But first, England provided us with both extremes of their batting. After Cook and Root saw off the first few overs, Root was caught behind off Starc in the final over before tea, although the young Yorkshireman seemed unhappy with the decision - the decision not to refer came back to punish England in a way they could never have expected. In walks the ideal man for a situation like this, Jonathan Trott, who first ball plays an incredibly rash shot across his pads, whilst the Australians appealed for LBW, which wasn't given. However, on appeal Erasmus elects to give Trott out, despite a seeming lack of overwhelming evidence in either direction - the key question being whether Trott had clipped the ball with his bat.
After an interval where all the miserably English fans were serenaded with drumming (right), England resumed after tea with two and a half hour remaining, and dug themselves out of a hole inch-by-inch with steady and careful batting from Cook and new man Pietersen, closing with a nervous lead of 15.
With a third day ahead which could go either way and hugely shape the opening of this series, we are going to have a look at Australia's first-innings lead of 65 and see how well that stands them in good stead.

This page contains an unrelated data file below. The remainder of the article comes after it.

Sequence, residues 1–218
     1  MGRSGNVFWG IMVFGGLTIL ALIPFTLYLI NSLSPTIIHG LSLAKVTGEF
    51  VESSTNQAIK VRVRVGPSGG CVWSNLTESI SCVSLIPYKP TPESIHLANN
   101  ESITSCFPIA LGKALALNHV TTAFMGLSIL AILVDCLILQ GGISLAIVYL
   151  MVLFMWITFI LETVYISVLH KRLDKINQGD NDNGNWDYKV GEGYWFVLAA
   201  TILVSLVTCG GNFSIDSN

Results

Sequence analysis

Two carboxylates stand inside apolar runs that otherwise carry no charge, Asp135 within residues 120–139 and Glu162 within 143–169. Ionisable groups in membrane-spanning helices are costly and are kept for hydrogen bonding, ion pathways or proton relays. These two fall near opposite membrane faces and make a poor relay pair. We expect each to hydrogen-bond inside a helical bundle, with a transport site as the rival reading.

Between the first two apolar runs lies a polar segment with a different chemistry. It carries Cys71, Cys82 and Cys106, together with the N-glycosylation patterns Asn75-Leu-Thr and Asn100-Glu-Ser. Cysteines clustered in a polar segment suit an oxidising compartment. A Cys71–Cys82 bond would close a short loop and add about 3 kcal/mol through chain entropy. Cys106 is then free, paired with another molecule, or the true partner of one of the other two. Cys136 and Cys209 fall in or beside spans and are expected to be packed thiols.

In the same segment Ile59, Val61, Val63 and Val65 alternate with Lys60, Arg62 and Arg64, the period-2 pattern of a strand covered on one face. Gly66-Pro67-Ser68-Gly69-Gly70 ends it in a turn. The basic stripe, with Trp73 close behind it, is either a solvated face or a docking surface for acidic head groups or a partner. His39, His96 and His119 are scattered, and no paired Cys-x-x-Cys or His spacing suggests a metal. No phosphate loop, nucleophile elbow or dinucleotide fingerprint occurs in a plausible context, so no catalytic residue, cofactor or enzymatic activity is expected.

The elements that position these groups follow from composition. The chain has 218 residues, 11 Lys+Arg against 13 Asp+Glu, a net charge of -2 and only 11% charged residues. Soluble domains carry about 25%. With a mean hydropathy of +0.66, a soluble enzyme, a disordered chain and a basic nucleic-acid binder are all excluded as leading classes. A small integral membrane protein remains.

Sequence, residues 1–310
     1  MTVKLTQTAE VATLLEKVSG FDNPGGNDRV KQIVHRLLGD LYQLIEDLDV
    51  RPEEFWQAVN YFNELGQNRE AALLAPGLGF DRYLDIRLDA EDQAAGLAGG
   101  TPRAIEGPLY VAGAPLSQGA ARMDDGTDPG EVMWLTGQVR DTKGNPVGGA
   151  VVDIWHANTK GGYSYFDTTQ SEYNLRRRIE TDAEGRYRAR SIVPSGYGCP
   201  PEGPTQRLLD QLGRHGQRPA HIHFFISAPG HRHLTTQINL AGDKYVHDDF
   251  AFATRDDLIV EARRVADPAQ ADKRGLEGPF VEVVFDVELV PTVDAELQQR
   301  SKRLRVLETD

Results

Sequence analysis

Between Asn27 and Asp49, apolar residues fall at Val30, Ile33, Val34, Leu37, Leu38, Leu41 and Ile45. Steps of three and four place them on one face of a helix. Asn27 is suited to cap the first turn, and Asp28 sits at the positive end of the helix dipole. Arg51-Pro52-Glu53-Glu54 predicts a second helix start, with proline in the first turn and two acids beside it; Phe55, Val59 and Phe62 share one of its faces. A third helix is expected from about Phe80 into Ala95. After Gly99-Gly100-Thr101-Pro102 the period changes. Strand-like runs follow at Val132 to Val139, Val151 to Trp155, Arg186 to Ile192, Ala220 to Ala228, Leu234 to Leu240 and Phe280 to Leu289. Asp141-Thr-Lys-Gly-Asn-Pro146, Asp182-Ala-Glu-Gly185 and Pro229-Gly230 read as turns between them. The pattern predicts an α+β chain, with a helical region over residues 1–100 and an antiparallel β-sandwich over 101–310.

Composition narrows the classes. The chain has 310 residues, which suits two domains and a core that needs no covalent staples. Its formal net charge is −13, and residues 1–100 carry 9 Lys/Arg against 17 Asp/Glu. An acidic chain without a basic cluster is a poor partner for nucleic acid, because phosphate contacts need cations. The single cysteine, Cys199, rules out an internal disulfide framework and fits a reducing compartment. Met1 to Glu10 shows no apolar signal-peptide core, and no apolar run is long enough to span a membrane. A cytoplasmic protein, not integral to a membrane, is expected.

First Innings Lead
Looking at data from the previous 10 Ashes series, we can see how important having a first-innings lead is, and what that suggest for this match.
The graph below shows the lead or deficit experienced by the sides batting first:
Since today the side batting first, England, finished the first innings with a deficit of 65, we can see that they really have just squeezed within a deficit which is possible to overturn, with two higher deficits leading to victories (70 and 66). In fact, the overwhelming majority of scores where the side batting first were within 70 of their opponents ended in a victory, so England aren't quite out of it yet.
We can also see how important the final innings stand was for Australia - Agar and Hughes took the difference between the two sides from a 98 English lead to a 65 Australian lead. Had England had the 98 lead, the graph shows the match was all-but sealed, with the 2001 exception Australia's only hope to cling on to.
Looking at results after each side has batted shows that with one exception, the only times when all three results seem to happen are when the teams are within 70 runs of each other.
Happily, it is just within this range which we find ourselves going in to day 3, which means there should be plenty of excitement ahead. England will take solace from the fact that their deficit has been overturned before, whilst Australian can look back on a thrilling game which they can have no complaints about.